You’ve heard these terms before. When people think of alimony and spousal support (also known as spousal maintenance) in a broad sense, they think of one spouse giving financial support to the other spouse after the two get divorced.
Generally speaking, this is correct. However, one mistake people make is to use the two terms interchangeably. While alimony and spousal support share commonalities, they’re not synonymous in Texas.
The Similarities Between Spousal Support and Alimony
When a couple decides to get divorced, they have an important issue to address if one spouse relies on the other financially. For example, one of the spouses might be a stay-at-home parent while the other has a revenue-generating job.
In this case, both people are putting hard work into their daily lives in order to support the family, but only one spouse is getting a paycheck. If the couple decides to get divorced, the stay-at-home parent will likely need financial support for a while.
Spousal support and alimony provide the same function in this scenario; each option involves the person who makes most or all of the money in the household providing financial support to the other spouse after the divorce.
The Difference Between Alimony and Spousal Support in Texas
In some states, alimony and spousal support are the same things with spousal support simply being an updated term. In Texas, however, the two are very different, and the similarity stops at one spouse giving the other financial support.
In Texas, spousal support/maintenance is a court-ordered arrangement that’s only given if certain criteria are met. It’s not a certainty that when a couple gets divorced, a revenue-generating spouse will have to pay spousal support to their non-revenue-generating ex.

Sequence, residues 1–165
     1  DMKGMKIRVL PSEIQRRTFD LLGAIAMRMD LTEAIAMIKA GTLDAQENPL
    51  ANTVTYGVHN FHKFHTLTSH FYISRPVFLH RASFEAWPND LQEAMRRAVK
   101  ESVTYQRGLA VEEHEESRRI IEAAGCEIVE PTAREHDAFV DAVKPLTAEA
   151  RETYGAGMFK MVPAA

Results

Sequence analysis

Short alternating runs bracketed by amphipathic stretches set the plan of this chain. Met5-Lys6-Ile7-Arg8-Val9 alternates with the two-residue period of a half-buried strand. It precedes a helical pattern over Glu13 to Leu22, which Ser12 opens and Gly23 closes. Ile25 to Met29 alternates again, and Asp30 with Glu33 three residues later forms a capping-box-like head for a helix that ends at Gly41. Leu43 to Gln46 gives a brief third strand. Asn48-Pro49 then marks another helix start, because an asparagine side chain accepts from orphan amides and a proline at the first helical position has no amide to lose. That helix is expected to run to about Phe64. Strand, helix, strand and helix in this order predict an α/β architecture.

There are factors that play into the decision of spousal support, such as how long the couple was married, what their ages are, how much money each spouse has the potential to earn on their own, whether or not one parent was the primary caregiver for the children and more.
Alimony, in contrast, is not part of Texas family law. It’s not court-ordered and is only something contractual that’s set up between the spouses. Technically, nobody is legally required to sign an alimony agreement. However, once a person does sign the contract, it’s legally binding and the person must adhere to the payments.
Basically, spousal support is the law and is ordered by the court, while alimony is a civil matter determined entirely between the two parties who are getting a divorce.
Get Your Free Consultation with a Spousal Support Attorney in Arlington, Texas
Whether you need spousal support or you’re facing unfair payments, we can help you. The spousal support attorneys of the Schneider Law Firm in Arlington, Texas have the experience you can trust. Call us today at 817.799.7125 or send us a message to request your free initial consultation.